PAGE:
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CASE SERIES  
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Redefining the role of therapeutic plasma exchange in complications of Echis carinatus sochureki envenomation refractory to anti-snake venom: A case series


1 Department of Transfusion Medicine, All India Institute of Medical Sciences, Jodhpur, Rajasthan, India
2 Department of General Medicine, All India Institute of Medical Sciences, Jodhpur, Rajasthan, India

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Date of Submission18-Apr-2022
Date of Decision02-Jun-2022
Date of Acceptance05-Jun-2022
Date of Web Publication12-Dec-2022
 

   Abstract 

INTRODUCTION: Saw-scaled viper (Echis carinatus) belongs to the Viperidae family. Its venom is hemotoxic and contains several small peptides and proteins affecting the coagulation system. Commonly used anti-snake venom (ASV) products in India are reported to be ineffective or less effective in cases with bites by Echis carinatus sochureki which are commonly found in desert areas in Rajasthan. Although therapeutic plasma exchange (TPE) has been successful in patients with snakebite envenomation in the past, American Society for Apheresis guidelines 2019 included this indication under category III with grade 2C recommendation.
AIM AND OBJECTIVES: To report the safety and efficacy of therapeutic plasma exchange procedures in the setting of ASV refractory E. c. sochureki envenomation.
MATERIALS AND METHODS: Four patients admitted to our institute in 2021 September with an alleged history of snake bites and who underwent at least one cycle of therapeutic plasma exchange were assessed for clinical outcome, laboratory parameters, and blood product consumption.
RESULTS: Three adult patients and one pediatric patient are included in this case series, all of them males. Indication for TPE in one case was suspected diffuse alveolar hemorrhage (DAH), while in all the other cases was thrombotic microangiopathy (TMA). All received a variable number of sessions from 2 to 5 and 1.3–1.5 plasma volume was removed on an average per cycle. The endpoint of TPE was the resolution of DAH in one while a reduction in lactate dehydrogenase and an increase in platelet count was in TMA cases. Consumption of blood products was drastically reduced in all four patients after starting the procedure. All the adult patients fared well on follow-up while the child had developed acute cortical necrosis and was dialysis-dependent. It has been noted in the previous studies too that a subset of snakebite-induced TMA cases was getting converted to chronic kidney disease and becoming dialysis dependent in the long run.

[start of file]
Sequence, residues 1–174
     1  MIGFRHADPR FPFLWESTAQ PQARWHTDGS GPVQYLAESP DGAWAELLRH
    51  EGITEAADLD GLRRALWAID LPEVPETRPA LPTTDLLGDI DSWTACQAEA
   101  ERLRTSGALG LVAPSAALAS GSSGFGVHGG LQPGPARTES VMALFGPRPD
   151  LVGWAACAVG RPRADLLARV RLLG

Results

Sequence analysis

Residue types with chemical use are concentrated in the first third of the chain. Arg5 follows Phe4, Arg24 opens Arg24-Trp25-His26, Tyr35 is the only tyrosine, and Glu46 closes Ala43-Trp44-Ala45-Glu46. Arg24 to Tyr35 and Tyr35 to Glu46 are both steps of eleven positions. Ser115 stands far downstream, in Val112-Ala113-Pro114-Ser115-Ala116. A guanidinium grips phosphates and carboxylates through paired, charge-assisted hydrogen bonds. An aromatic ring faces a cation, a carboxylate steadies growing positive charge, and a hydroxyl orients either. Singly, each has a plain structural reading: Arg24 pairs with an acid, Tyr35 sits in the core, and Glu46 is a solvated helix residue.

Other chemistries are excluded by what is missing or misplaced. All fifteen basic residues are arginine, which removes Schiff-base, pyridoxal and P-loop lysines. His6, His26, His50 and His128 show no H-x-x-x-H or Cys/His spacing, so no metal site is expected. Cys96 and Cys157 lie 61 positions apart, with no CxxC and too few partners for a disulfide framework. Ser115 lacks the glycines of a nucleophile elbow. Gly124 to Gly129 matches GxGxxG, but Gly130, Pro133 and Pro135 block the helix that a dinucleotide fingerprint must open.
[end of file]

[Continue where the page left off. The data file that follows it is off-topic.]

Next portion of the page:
CONCLUSIONS: In regions where ASV treatment failure is very common, therapeutic plasma exchange is a safe and effective complementary treatment modality along with supportive care.

Keywords: Echis carinatus, plasma exchange, diffuse alveolar hemorrhage, snakebite, thrombotic microangiopathy


How to cite this URL:
Bava D, Kumar AP, Gupta A, Mandal S, Bajpayee A, Gopalakrishnan M, Khan MA. Redefining the role of therapeutic plasma exchange in complications of Echis carinatus sochureki envenomation refractory to anti-snake venom: A case series. Asian J Transfus Sci [Epub ahead of print] [cited 2023 Jan 28]. Available from: https://www.ajts.org/preprintarticle.asp?id=363231



   Introduction Top


India is home to more than 270 species of snakes, of which about 60 are venomous, and snake bites cause around 58,000 deaths and 140,000 disabilities every year.[1] Majority of fatal bites in India are due to the spectacled cobra (Naja naja), common krait (Bungarus caeruleus), Russell's viper (Daboia russelli), and Saw-scaled viper (Echis carinatus), which are termed the big four dangerous snakes and anti-snake venom (ASV) produced in India is primarily effective against these four species.[2] The saw-scaled viper (E. carinatus) belongs to the Viperidae family[3] and is found across the semi-arid regions of Africa, the middle east, and the Indian subcontinent.[4] The Saw-scaled viper venom is hemotoxic and contains several small peptides and proteins affecting the coagulation system.[5] With its potent procoagulant toxins, venom-induced consumptive coagulopathy (VICC) is one of the predominant clinical manifestations of the Saw-scaled viper envenomation.[6],[7],[8],[9] Although therapeutic plasma exchange (TPE) has been successful in patients with antivenom refractory snakebite envenomation in the past,[10] American Society for Apheresis guidelines 2019 included “envenomation” under category III with grade 2C recommendation without specifying any genus or species bites.[11] This indicates that there is a shortage of published data on this topic. In this case series, we report four cases of the saw-scaled viper bite envenomation where therapeutic plasma exchange was done as an adjunct to supportive treatment.